It's amazing how companies can be so blind. They really fail to calculate what they lose in employee productivity and loyalty compared to what they think they gain from screwing employees - i.e. the new health care benefit package. I used to take pride in my work and did what I had to do to be an asset. Since they did this change in the health care benefit package, I am no longer vested with them and could care less about neither their future nor their success. I now am going to do just what I have to do to get paid and no more. Actually someone suggested that this change in healthcare is nothing more than an Anti ObamaCare campaign and that top corporate probably reasoned that the people most negatively impacted by the new healthcare program are most likely the ones who voted for the President's 2nd term. Actually it wouldn’t surprise me if this had some substance. All I know is there is no way to describe this change but as unfair and totally unmerited. Other companies not nearly as big as SAIC was able to offer its employees a decent Healthcare Benefit package and no way can you convince me that SAIC couldn’t have done the same! They could have at least allowed for a gradual change to this, giving the workforce time to adjust. Suddenly dropping this on employees like they did was just unfair and on top of that, having the gall to call this a good plan that was designed with the best interests of the employees in mine is just a blatant lie! The nerve! One thing for use, I may have a crappy health care benefit package but I can assure of one thing - What they gain from me with this crappy plan, they will surely lose many times over in my lack of commitment and loyalty to them. They may not be able to do the math now but the numbers will soon start to show for themselves.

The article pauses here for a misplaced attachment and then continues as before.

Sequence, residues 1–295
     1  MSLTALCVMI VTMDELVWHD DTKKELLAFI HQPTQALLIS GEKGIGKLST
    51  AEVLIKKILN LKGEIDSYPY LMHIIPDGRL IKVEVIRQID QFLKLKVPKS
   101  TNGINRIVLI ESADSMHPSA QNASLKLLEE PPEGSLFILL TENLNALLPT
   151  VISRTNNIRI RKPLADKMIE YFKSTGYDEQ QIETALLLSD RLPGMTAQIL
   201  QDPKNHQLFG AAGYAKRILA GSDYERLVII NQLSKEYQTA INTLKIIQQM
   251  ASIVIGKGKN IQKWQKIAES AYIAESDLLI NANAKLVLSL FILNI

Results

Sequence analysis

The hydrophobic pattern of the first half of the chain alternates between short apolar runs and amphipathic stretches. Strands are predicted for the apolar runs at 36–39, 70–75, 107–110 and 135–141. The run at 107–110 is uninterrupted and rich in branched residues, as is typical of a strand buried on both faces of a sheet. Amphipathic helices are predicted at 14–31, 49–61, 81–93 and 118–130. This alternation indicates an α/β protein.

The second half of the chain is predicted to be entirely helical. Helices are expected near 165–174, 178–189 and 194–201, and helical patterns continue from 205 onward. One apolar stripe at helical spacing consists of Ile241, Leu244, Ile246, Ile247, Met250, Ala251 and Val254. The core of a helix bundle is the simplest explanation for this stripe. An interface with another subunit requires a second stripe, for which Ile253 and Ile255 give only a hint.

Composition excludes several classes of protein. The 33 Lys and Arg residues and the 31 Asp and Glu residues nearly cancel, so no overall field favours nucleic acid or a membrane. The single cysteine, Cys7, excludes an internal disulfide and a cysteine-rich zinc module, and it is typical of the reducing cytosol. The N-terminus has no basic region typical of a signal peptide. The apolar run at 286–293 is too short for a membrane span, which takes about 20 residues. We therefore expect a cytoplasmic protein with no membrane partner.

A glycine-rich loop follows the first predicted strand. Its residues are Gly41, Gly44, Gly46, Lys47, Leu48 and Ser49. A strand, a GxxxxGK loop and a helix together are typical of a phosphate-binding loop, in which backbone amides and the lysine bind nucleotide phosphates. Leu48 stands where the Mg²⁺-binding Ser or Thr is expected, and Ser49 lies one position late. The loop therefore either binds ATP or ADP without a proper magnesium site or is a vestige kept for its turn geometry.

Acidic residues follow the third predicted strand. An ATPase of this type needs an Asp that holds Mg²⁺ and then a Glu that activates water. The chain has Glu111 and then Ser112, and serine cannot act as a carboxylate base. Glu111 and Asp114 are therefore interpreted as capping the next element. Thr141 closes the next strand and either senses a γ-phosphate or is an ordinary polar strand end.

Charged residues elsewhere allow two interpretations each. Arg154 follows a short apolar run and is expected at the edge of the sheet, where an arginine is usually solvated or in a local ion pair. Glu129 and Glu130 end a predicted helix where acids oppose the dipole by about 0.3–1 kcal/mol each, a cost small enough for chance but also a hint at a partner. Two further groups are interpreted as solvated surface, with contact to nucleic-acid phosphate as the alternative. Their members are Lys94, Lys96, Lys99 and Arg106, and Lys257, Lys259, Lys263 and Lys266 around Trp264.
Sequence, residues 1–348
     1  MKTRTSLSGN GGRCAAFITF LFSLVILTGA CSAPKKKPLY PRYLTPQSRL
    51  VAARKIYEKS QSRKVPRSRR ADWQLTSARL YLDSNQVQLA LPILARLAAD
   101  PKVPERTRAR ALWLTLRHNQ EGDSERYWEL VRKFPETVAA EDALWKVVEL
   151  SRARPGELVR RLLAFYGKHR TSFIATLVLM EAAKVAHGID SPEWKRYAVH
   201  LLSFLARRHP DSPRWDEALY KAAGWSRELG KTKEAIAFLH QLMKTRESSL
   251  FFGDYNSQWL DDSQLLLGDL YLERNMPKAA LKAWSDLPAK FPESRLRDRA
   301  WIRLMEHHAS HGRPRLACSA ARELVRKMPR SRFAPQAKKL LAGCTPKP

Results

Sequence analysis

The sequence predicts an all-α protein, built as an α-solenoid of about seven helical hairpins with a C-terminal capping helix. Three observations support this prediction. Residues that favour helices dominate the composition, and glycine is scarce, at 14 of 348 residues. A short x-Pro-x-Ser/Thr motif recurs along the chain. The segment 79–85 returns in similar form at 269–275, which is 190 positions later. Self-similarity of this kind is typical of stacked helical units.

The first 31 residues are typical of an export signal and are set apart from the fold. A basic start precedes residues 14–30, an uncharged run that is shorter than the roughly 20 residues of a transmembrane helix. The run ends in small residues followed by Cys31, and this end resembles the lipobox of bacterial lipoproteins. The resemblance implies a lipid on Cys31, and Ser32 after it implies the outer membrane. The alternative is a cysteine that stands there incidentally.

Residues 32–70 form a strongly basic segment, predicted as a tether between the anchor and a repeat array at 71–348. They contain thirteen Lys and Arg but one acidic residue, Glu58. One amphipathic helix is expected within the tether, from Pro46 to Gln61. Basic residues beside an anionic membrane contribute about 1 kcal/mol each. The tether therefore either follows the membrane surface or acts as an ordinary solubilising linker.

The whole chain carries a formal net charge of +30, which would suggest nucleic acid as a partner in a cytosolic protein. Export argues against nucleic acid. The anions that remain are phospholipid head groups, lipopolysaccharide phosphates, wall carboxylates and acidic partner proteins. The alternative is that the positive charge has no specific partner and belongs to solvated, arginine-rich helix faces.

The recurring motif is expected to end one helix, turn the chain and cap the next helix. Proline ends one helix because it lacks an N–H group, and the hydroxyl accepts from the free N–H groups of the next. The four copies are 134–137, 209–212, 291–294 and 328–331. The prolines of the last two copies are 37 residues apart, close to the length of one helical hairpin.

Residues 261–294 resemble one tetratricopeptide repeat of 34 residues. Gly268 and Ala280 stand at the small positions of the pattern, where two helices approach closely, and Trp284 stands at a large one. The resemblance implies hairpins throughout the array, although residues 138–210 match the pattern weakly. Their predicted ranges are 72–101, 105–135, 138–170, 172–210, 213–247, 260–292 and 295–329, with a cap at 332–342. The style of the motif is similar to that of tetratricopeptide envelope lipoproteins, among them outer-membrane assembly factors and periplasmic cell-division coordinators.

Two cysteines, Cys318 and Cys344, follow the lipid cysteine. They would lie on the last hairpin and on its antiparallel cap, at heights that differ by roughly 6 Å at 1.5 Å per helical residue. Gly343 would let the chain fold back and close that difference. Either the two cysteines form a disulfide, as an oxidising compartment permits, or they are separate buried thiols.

Fri, Oct 26, 2012 Sally

My husband works for SAIC and has for over 16 years. He was so very proud to work for this employee owned company and talked about how great a company it was.
But things have been changing at SAIC and not for the better where the employee is concerned.
Ever since SAIC went public things have really changed fast. I think my husband feels like a small piece of sand in a very large desert. Unseen, unappreciated, the way almost everyone he knows at SAIC feels. The company has chipped away at their employee’s benefits until they the are few and far between. Now their health insurance is changing. Instead of really good insurance at a decent price employees are going to have to pay more for far less coverage.
They (SAIC)have the gall to post a video on the SAIC healthcare website saying how much they appreciate their employees and what a wonderful thing this new health care plan is. My husband can't stand to watch it as the COO explains great it is. I Stu Shea doesn’t have SAIC standard company plan for his insurance!
The SAIC Healthcare Plan Website. http://www.saichealthyfocus.com/default.aspx

Thu, Sep 6, 2012 CHuck Viator Washington DC MSA

Nick - Here is a thought; the obvious answer is often the correct answer. That is to say, we have watched a lot of companies split / sell off / divest themselves of work and business units/groups that create potential OCI issues. I a world that lives by the credo that "if there is a preception of" then it is easier to make the safe call; it makes sense that companies that do a mix of non-SETA work and SETA divest those work types so they don't impede their ability to compete successfully in either work type - SETA and Non-SETA. The divesture in reality may be nothing more than that. I suggest the cross fertilization that Dr. Byster referres to is part of what the OCI oversight staff look for.